North American markets for polyethylene and polypropylene will continue to grow, but the size and shape of the growth will be quite a bit different in the years ahead.
Vaughn Deasy, vice president of polymer sales for Equistar Chemicals LP in Houston, and Dave Durand, global PP consulting director for Houston-based Townsend Polymer Services & Information, tackled those markets at the Plastics News Executive Forum, held March 6-8 in Tampa.
Deasy, whose firm ranks as one of North America's largest high density PE makers, said global PE operating rates are expected to remain high through 2010, in spite of large amounts of capacity being added in the Middle East. In that region, 23.5 billion pounds of PE capacity will be added between 2005 and 2010, with more than 40 percent of that amount in Saudi Arabia.
China also will remain a large global buyer of PE, although that country's unpredictable buying habits will keep many market players guessing.
``China's always in the [PE] market,'' said Deasy, who's been with Equistar and parent firm Lyondell Chemical Co. since 1995. ``But they have very different buying patterns than what we're used to. They'll buy when there's an opportunity and then build inventory and store it.''
And even with price volatility high in North America - where prices shot up after Hurricanes Katrina and Rita but now have declined for three straight months - the region isn't going away as a supplier anytime soon.
``We're very confident that North American PE and ethylene derivatives are going to be able to compete globally for a very long time,'' Deasy predicted. ``The North American market may not build any new plants, but there's a high cost to exit this business, and these plants are still competitive. They're older, but they've been overhauled many times over and are still productive.''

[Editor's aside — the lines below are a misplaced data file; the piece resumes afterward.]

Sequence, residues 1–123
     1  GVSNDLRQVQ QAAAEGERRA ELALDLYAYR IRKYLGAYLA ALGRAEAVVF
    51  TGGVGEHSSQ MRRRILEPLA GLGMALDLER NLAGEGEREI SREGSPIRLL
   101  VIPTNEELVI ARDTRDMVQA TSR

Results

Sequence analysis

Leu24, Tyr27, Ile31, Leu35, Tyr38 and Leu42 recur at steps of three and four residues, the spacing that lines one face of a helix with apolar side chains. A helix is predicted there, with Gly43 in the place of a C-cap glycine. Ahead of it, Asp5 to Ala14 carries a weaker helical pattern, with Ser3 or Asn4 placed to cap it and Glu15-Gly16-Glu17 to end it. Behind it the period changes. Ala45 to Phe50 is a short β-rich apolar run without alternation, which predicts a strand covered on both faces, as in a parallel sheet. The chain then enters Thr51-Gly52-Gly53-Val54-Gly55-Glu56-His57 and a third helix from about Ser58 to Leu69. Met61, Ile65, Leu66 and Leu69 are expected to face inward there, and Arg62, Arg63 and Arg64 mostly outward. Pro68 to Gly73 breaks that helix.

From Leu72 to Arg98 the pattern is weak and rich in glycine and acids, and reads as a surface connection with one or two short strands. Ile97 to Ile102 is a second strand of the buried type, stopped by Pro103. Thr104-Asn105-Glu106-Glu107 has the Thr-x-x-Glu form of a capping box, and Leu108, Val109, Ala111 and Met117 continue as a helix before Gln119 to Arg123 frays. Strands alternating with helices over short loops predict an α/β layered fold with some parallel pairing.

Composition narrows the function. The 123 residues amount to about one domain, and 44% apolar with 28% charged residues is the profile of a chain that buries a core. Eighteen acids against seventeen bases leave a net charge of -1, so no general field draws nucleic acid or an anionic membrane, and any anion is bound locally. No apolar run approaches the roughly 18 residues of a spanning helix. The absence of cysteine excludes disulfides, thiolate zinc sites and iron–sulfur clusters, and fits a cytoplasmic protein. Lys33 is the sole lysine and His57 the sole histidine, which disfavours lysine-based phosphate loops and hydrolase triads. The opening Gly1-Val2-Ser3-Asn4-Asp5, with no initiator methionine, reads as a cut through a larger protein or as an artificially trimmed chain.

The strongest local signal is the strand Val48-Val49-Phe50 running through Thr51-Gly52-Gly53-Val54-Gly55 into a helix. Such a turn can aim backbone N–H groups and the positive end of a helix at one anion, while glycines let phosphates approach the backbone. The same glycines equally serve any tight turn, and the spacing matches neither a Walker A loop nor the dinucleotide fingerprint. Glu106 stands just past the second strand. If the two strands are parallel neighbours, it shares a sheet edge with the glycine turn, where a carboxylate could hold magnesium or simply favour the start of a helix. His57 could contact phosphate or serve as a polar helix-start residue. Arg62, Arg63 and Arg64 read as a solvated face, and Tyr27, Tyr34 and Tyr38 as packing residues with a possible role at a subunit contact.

But North America's role in the 2006 PE market is a new one.
``Every other [PE] cycle turned on North American expansion,'' Deasy said. ``It used to be simple - we'd just go build another plant in Texas. But it's not that way anymore. Now we have to look at Mideast capacity, Asian demand, feedstock and energy prices, and continuing globalization.''
Deasy also cautioned that buying from PE sources outside of North America - as many processors did for the first time in 2005, because of hurricane-related shortages - may have some unforeseen challenges.
``Things are going to be a little different'' for buyers of foreign PE, he said. ``Now you're going to have to deal with currency exchange risks, reliability of supply, product qualifications, logistics and lead times.
``You're also going to have to make decisions about spot vs. contract buying and how much you want to do. You could be looking at two-tiered pricing.''
PP snaps back
In the PP arena, Townsend's Durand foresees global PP demand snapping back from a sub-par 3 percent growth year in 2005 to average 6.2 percent annually between 2005 and 2010. North America will average 4.5 percent growth in that period, with China averaging 8 percent, he said.
Large chunks of capacity will become available globally later in the decade - 15 billion pounds in 2008 alone and 12 billion pounds in 2009 - resulting in global operating rates dipping below 90 percent starting in 2008, said Durand, who spent nearly 30 years with Shell Oil Co. before joining Townsend in 1996.
In North America, supply and demand will be close to parity by 2010, Durand predicted. The region will enjoy above-average growth for PP in housewares, closures, auto interiors and injection molded containers such as DVD boxes, but demand will be below average in fibers, appliances and auto exteriors.
North American average selling prices for PP should remain at relatively high levels through 2007, but the material's advantage in cost per cubic inch will make it competitive against HDPE, PVC and polystyrene, Durand said.
Additional capacity should be required in North America by 2008, with that demand likely to be met by new capacity from Indelpro SA de CV in Mexico. But the overall PP market has changed.
``We can't look at North America in isolation of other areas anymore,'' Durand said.